feminist myths and
is an author and controversial 'anti-feminist' blogger. She
writes on issues of sex, sexuality and gender. Influenced by
the work of Mark Simpson,
she is developing his theories of masculinity and metrosexuality
for a forthcoming book.
enjoy being stalked by my ex-boyfriend, and then having him
break into my house, threaten to kill me and then assault me.
I didn’t enjoy it at all. Sometimes I call that night,
over ten years ago now, as ‘the day I became a feminist.’
already a feminist. My Mum and her Mum were feminists. I was
born into it. So I never really had to think too much until
he stood over me, his hands round my neck, squeezing, telling
me what a bitch I was. I never had to think what ‘being
a woman’ or ‘being a feminist’ means. I will
give him that. He and his violence really got me thinking.
my assault, and my lonely journey through the legal procedure
that followed, I naively thought I might be able to share some
sisterhood and solidarity with other women who’d suffered
violent attacks, including domestic violence and rape. But when
I have tried to connect with women who campaign on violence
against women, I repeatedly get told that because I have not
been raped, I have no right to talk on this issue or to try
and empathize with women who have. Rape seems to hold a special
symbolic position in the minds of these feminists and is treated
as worse -- but also somehow better -- than all other violent
term used to demonstrate the privileged position rape holds
in feminist discourse is ‘rape culture.’ According
to Melissa McEwan:
culture is the myriad ways in which rape is tacitly and overtly
abetted and encouraged having saturated every corner of our
culture so thoroughly that people can’t easily wrap their
heads around what the rape culture actually is.
more important than my own feeling of exclusion from feminist
campaigns and groupings around gender violence is the countless
number of other people who get attacked and killed in our society,
who are not acknowledged by the concept of rape culture. Have
you ever heard a feminist say that we live in transphobic assault
culture? Or murder of young black men culture? Or homophobia
culture? Or even domestic violence culture? I haven’t.
Incidentally domestic violence is far more common than rape,
and can also include rape. But it just doesn’t seem to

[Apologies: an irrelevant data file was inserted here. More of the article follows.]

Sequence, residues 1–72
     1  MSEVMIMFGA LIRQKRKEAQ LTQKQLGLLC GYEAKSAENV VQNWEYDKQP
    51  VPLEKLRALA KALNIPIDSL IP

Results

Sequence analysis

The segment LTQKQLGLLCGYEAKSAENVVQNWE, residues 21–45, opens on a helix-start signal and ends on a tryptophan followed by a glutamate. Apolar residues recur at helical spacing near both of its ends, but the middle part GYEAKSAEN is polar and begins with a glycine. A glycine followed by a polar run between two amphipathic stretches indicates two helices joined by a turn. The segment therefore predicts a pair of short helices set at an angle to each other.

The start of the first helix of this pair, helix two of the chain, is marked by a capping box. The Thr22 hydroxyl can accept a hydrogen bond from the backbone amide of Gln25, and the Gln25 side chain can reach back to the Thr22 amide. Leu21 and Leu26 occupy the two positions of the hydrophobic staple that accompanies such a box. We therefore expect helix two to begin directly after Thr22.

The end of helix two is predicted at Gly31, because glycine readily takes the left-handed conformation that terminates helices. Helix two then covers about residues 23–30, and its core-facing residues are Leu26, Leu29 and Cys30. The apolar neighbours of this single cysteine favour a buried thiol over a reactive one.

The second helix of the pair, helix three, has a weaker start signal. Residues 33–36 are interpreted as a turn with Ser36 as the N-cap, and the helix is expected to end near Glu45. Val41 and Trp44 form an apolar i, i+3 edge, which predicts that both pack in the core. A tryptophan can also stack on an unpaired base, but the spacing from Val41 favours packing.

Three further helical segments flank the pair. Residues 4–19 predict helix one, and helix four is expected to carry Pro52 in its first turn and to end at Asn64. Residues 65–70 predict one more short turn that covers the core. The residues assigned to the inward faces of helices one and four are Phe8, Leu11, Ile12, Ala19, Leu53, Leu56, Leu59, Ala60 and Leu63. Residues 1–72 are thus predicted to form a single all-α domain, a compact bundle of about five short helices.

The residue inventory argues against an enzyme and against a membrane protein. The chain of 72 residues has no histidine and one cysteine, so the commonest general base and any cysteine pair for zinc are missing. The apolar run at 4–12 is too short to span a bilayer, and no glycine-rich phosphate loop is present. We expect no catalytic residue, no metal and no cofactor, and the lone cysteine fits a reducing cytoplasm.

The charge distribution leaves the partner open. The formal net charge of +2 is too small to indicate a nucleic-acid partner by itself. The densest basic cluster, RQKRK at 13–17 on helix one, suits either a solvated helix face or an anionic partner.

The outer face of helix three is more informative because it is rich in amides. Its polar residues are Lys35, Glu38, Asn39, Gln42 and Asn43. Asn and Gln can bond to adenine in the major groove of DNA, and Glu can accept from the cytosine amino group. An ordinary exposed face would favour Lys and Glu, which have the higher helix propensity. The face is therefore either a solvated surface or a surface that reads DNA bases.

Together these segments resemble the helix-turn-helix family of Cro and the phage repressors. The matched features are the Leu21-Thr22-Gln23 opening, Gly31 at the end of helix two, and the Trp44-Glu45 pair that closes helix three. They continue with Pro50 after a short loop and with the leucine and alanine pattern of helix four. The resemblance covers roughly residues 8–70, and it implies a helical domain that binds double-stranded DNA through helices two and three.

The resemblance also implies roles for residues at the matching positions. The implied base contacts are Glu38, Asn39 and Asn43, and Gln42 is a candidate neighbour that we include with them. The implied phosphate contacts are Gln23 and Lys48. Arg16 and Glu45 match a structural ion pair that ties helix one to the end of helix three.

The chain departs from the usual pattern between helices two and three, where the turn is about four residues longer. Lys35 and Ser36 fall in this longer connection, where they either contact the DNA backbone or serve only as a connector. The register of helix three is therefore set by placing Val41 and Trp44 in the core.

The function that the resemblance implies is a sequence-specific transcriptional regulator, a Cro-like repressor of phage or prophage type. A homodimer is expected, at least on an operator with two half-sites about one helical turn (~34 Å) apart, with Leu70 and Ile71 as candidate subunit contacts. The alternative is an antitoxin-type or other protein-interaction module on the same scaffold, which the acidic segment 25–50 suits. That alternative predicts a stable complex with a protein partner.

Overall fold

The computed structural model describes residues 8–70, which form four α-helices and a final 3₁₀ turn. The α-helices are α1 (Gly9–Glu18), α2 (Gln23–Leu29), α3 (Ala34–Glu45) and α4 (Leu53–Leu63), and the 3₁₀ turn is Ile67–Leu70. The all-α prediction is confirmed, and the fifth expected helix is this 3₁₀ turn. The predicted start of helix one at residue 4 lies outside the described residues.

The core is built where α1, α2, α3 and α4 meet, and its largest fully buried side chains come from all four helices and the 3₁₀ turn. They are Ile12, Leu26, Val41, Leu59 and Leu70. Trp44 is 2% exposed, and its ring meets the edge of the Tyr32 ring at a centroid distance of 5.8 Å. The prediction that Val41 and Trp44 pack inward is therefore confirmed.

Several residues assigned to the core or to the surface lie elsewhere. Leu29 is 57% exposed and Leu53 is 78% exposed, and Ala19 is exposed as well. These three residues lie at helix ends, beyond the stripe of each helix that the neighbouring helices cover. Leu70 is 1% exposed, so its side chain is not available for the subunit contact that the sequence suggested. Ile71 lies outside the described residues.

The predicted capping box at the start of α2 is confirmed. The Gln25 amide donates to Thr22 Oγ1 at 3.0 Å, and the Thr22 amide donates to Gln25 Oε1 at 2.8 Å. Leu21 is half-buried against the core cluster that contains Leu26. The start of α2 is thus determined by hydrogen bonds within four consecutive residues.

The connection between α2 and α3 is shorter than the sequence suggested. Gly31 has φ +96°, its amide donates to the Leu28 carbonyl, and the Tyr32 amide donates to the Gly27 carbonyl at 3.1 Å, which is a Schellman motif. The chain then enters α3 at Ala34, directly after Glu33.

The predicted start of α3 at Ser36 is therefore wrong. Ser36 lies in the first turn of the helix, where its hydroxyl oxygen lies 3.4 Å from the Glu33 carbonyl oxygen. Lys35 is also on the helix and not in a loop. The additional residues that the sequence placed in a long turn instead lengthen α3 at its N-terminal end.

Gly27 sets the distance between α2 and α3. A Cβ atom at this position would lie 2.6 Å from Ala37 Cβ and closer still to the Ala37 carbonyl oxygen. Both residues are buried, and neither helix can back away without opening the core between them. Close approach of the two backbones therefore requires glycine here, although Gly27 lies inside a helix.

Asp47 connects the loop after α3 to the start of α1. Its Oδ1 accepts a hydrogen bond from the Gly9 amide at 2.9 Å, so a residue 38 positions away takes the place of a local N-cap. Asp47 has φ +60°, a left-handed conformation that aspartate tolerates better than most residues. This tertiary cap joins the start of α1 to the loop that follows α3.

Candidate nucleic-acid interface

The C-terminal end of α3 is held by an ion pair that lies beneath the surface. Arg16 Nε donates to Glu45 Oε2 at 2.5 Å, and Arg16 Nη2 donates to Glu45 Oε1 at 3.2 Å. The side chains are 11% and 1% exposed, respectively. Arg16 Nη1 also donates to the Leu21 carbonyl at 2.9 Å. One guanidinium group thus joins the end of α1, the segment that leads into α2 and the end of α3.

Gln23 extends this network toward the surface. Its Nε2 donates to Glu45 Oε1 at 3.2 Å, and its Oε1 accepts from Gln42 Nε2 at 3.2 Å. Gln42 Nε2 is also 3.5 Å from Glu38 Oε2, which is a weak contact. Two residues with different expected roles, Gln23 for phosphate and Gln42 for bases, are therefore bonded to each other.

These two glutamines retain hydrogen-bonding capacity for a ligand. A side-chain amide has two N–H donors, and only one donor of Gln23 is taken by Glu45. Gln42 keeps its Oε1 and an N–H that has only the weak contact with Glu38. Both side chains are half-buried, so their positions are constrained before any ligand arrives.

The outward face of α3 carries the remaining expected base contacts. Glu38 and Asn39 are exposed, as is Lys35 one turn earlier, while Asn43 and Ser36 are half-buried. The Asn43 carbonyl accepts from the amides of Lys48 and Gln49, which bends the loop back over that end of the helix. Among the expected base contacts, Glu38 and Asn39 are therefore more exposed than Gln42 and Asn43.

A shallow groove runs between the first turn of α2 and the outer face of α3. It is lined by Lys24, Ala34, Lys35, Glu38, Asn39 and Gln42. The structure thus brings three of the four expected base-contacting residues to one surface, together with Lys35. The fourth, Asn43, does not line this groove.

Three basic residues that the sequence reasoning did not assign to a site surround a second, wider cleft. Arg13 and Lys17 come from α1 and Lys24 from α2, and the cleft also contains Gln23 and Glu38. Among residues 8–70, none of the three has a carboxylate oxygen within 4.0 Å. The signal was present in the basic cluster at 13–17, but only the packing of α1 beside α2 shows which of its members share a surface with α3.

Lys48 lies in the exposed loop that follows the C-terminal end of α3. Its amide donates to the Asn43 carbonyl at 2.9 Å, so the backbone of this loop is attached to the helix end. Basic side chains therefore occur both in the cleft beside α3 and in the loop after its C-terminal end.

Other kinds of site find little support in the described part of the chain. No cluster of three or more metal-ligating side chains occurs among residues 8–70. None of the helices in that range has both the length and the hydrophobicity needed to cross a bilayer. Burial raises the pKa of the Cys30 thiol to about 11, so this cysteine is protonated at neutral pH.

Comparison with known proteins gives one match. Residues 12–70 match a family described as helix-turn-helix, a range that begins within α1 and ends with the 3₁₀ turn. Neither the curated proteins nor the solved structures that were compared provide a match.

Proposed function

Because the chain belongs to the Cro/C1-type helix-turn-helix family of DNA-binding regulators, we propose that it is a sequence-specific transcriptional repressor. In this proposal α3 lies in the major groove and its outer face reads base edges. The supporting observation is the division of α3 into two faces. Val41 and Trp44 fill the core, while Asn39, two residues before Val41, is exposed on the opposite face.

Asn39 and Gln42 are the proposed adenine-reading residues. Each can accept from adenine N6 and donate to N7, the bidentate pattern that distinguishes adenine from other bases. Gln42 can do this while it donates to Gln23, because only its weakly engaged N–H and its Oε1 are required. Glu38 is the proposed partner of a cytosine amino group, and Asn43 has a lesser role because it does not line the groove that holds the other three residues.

impress the feminists who believe in rape culture. They are
welcome to their victim top trumps, but I am not playing anymore.
I say rape is privileged in feminist discourse, I don’t
mean that it benefits anybody. I believe that by focusing on
the centrality of rape in our culture, feminists are actually
making it more difficult for all of us to campaign against all
forms of gendered violence in society.
to work out why these feminists do this is difficult. My instinct
is that holding onto special victim status has some pay offs
for feminists. They can continue to present gender politics
as a binary opposition between men (potential rapists) and women
(perpetual potential victims of rape). Basically, the concept
of rape culture is misandrist, and it does not allow for the
fact that women are sometimes perpetrators of sexual assault,
and men are sometimes on the receiving end.
like to quote somebody who left a comment on a previous essay
of mine about this topic. This woman is a survivor of rape,
so the rad-fems won’t be able to dismiss her critique
of rape culture the way they do mine:
mythologizing of rape is still rooted in the whole “pedestal”
complex, IMHO, and thus rapists are EVIL and women who get raped
are spiritually/psychologically disfigured for LIFE and blah
blah blah. The “rape culture” paradigm, while clearly
meant as helpful critique and containing valuable cultural insight,
seems to carry on that tradition.
term rapist is one I am not comfortable with using at all, if
I can help it. I know I am in a tiny minority, as I see the
word splashed across the newspapers on a regular basis, and
I hear it being used widely in conversations about rape. The
reason I don’t like the word rapist is that I think it
serves to undermine our attempts to tackle rape and sexual violence.
This is because it pathologizes people who commit rape, portraying
them in our culture as monsters and hate figures’ This
leads to a situation where we place rapists pretty near the
top of a hierarchy of evil characters (maybe just behind pedophiles),
so that in fact, it is actually very difficult to prosecute
for rape. If rapists are these inhuman monstrous characters,
it is not surprising that courts up and down the country are
reluctant to convict the thousands of people who commit rape
received criticism for my view, particularly from feminists
who argue that survivors of sexual violence need the term rapist
to enable them to name their attacker, proceed with seeking
justice and ultimately to get over their ordeal. But I believe
that just as we have changed our terminology from talking about
victims to survivors of rape, we also need to change how we
label perpetrators. When I hear the word rapist I think of a
man, and not a man who is capable of change, of reflection.
We have to speak about and talk to men who commit sexual assault
as if they are able to change, and we also must acknowledge
men are not the only perpetrators, if we want to reduce sexual
and intimate partner violence in society.
culture is a myth. I reject it outright.